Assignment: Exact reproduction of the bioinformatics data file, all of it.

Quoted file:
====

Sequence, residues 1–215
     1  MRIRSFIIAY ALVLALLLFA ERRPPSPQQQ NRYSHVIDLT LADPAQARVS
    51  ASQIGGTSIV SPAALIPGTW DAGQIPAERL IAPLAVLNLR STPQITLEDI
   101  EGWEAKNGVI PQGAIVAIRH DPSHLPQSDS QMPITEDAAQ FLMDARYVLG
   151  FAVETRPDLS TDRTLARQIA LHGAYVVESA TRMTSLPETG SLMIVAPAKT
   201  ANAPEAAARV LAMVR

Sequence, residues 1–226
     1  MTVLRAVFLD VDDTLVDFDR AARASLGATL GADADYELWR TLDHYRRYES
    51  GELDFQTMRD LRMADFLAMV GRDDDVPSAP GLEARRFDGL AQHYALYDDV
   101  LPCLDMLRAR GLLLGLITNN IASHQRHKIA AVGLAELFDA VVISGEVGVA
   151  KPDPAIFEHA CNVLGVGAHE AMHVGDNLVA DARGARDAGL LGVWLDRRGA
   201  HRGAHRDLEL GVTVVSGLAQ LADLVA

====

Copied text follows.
Sequence, residues 1–215
     1  MRIRSFIIAY ALVLALLLFA ERRPPSPQQQ NRYSHVIDLT LADPAQARVS
    51  ASQIGGTSIV SPAALIPGTW DAGQIPAERL IAPLAVLNLR STPQITLEDI
   101  EGWEAKNGVI PQGAIVAIRH DPSHLPQSDS QMPITEDAAQ FLMDARYVLG
   151  FAVETRPDLS TDRTLARQIA LHGAYVVESA TRMTSLPETG SLMIVAPAKT
   201  ANAPEAAARV LAMVR

Sequence, residues 1–226
     1  MTVLRAVFLD VDDTLVDFDR AARASLGATL GADADYELWR TLDHYRRYES
    51  GELDFQTMRD LRMADFLAMV GRDDDVPSAP GLEARRFDGL AQHYALYDDV
   101  LPCLDMLRAR GLLLGLITNN IASHQRHKIA AVGLAELFDA VVISGEVGVA
   151  KPDPAIFEHA CNVLGVGAHE AMHVGDNLVA DARGARDAGL LGVWLDRRGA
   201  HRGAHRDLEL GVTVVSGLAQ LADLVA